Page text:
Shadow work is a term used in economics to refer to work that was once done by companies, but has now been outsourced to customers, generally in the form of self-service operations.
This is by no means a new thing. Elevator operators, bellhops, telephone operators, and milkmen all used to do useful work for us, and now we are stuck doing these things for ourselves. More modern examples include self-service gas stations, the replacement of bank tellers with ATMs, and self-checkout and bagging at grocery stores.
The term was coined in 1981 by Austrian philosopher Ivan Illich, who felt this was a bad thing. There is some debate about this. It is not obviously the case that paying someone to bag your groceries for you is a good default; the success of stores such as Aldi and Lidl indicate that many people feel that it is not worth paying for. Likewise, full service gas stations did not disappear because no one was willing or able to provide gas jockeys, but because customers just didn't care enough.
Moreover, there is a strong case to be made that shadow work is not a unidirectional force. While Walmart is happily providing an option for self-checkout, they are also providing in-store pick up and delivery services in many areas -- indeed Walmart has decided that part of its services to the customer should include electronic shopping trolleys for those of limited mobility, which is very much a new service in the retail landscape. Likewise, most retailers have taken credit card processing fees upon themselves as a matter of convenience to their customers; many of us recall when credit cards were not universally accepted, and where they were there were often additional fees attached to their use.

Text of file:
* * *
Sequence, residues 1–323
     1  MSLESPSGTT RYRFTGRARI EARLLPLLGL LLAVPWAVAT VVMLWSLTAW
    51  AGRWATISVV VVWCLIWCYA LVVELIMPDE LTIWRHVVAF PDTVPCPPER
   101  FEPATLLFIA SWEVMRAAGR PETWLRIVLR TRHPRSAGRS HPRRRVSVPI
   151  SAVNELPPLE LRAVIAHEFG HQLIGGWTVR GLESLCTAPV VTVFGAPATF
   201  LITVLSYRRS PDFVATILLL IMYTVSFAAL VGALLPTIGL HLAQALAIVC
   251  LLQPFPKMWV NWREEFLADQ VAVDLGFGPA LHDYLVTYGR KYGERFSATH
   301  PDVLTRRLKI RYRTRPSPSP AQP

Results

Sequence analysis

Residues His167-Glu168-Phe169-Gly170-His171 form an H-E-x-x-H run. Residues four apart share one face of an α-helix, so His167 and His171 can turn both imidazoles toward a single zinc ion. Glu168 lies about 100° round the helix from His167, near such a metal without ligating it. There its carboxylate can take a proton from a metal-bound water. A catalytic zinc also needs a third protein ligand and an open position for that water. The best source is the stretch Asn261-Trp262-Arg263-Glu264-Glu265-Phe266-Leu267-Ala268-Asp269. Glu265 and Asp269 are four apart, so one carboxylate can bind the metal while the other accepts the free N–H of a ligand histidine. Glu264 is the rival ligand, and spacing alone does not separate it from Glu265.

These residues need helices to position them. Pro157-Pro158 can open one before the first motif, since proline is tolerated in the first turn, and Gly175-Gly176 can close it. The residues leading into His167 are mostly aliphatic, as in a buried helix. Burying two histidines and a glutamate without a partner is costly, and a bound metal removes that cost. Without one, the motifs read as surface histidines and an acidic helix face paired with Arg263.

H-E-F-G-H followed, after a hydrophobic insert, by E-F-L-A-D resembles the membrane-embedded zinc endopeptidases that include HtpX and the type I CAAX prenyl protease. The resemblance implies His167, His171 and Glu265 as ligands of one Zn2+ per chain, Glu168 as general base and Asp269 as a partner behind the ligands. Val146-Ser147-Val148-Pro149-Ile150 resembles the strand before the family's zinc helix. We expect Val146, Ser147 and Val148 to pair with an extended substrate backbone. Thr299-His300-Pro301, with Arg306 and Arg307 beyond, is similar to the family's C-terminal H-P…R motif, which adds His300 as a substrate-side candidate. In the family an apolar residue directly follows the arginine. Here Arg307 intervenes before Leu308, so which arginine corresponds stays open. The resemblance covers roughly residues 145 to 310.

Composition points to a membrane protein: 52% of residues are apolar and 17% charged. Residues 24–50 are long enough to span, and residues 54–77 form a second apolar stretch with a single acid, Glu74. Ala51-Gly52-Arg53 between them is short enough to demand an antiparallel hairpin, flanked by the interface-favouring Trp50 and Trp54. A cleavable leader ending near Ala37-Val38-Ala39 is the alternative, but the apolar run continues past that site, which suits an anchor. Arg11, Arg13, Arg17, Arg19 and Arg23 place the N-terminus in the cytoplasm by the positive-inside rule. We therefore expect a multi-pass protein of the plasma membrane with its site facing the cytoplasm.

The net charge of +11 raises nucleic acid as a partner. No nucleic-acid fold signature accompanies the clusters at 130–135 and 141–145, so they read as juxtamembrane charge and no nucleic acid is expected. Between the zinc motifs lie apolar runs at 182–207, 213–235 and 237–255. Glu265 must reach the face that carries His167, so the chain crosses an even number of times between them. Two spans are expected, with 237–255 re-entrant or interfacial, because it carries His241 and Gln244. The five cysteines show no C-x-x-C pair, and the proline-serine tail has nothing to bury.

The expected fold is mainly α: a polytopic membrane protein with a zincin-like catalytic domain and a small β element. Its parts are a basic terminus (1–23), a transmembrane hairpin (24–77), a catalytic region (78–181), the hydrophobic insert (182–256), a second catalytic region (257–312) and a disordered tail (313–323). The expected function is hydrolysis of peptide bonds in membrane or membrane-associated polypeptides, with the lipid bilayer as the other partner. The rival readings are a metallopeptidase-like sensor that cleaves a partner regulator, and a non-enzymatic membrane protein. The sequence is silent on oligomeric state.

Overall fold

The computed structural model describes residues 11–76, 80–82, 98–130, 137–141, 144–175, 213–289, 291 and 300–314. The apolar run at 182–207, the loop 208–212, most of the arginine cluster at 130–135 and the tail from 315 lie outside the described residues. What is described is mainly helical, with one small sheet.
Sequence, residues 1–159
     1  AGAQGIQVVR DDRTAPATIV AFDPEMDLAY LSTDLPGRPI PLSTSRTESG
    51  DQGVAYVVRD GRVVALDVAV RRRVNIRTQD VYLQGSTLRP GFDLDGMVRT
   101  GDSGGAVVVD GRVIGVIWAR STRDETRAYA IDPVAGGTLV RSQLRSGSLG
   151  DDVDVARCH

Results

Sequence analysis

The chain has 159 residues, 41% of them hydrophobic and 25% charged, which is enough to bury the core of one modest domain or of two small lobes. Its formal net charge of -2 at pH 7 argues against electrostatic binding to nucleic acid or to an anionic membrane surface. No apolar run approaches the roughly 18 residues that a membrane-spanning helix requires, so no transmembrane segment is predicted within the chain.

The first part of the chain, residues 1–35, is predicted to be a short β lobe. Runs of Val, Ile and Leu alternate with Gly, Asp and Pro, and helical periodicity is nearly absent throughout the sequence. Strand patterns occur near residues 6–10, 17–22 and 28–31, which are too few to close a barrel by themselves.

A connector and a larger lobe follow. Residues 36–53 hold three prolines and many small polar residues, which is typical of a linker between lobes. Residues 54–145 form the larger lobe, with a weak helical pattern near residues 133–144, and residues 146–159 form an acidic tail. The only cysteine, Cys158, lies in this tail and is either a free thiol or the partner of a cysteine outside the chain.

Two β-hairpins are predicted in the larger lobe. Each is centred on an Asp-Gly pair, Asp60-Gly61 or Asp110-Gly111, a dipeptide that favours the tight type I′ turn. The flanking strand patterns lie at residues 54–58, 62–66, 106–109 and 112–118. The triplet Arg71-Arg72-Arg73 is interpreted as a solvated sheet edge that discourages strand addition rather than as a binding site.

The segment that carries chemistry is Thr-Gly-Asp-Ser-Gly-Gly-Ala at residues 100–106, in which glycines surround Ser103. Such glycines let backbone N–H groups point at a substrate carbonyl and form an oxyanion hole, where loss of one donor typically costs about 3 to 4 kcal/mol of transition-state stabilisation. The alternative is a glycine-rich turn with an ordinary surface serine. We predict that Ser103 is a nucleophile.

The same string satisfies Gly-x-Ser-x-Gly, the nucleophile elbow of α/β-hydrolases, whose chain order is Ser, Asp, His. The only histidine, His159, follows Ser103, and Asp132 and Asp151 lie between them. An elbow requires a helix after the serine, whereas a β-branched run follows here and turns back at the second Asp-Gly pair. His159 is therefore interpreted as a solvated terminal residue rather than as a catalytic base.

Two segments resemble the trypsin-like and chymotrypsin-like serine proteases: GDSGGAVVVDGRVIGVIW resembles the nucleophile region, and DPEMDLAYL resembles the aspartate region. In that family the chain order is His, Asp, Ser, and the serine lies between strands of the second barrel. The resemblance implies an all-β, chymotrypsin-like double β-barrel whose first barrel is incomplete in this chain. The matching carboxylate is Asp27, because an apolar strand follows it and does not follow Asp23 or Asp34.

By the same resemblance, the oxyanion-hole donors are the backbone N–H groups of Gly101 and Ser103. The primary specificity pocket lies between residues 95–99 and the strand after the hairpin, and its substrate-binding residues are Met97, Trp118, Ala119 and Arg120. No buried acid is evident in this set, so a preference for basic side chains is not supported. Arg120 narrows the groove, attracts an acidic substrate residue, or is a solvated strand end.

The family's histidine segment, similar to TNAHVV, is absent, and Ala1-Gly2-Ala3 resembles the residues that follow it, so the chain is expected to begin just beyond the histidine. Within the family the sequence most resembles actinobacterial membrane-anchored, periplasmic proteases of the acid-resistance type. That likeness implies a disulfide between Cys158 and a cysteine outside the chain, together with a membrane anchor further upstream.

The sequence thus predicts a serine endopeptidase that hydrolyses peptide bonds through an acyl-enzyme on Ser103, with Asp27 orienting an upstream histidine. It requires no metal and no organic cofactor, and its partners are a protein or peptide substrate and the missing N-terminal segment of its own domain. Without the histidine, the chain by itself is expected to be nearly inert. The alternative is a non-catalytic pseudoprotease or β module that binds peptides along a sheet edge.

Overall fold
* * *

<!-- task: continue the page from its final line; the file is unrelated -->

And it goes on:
Most shadow work is due to technological advancement; in some cases, such as ATMs and elevators, technology has made some tasks so easy that it is no great burden for most people to perform them; in other cases, such as gas-stations and grocery stores, security has improved to the point where companies are no longer quite so concerned with customers walking off without paying. In some cases jobs just became too hard; it is simply not efficient to have an operator look up telephone numbers for customers once the network gets too big. While it is not necessarily the case that advances in technology will make up for an increase in shadow work, it is, as always, the case that customers will get what the average customer wants. This means that some of us will be upset that companies ask us to bag our own purchases, and some of us will be upset that companies do not penalize those morons who leave their carts in the middle of the parking lot. C'est la vie.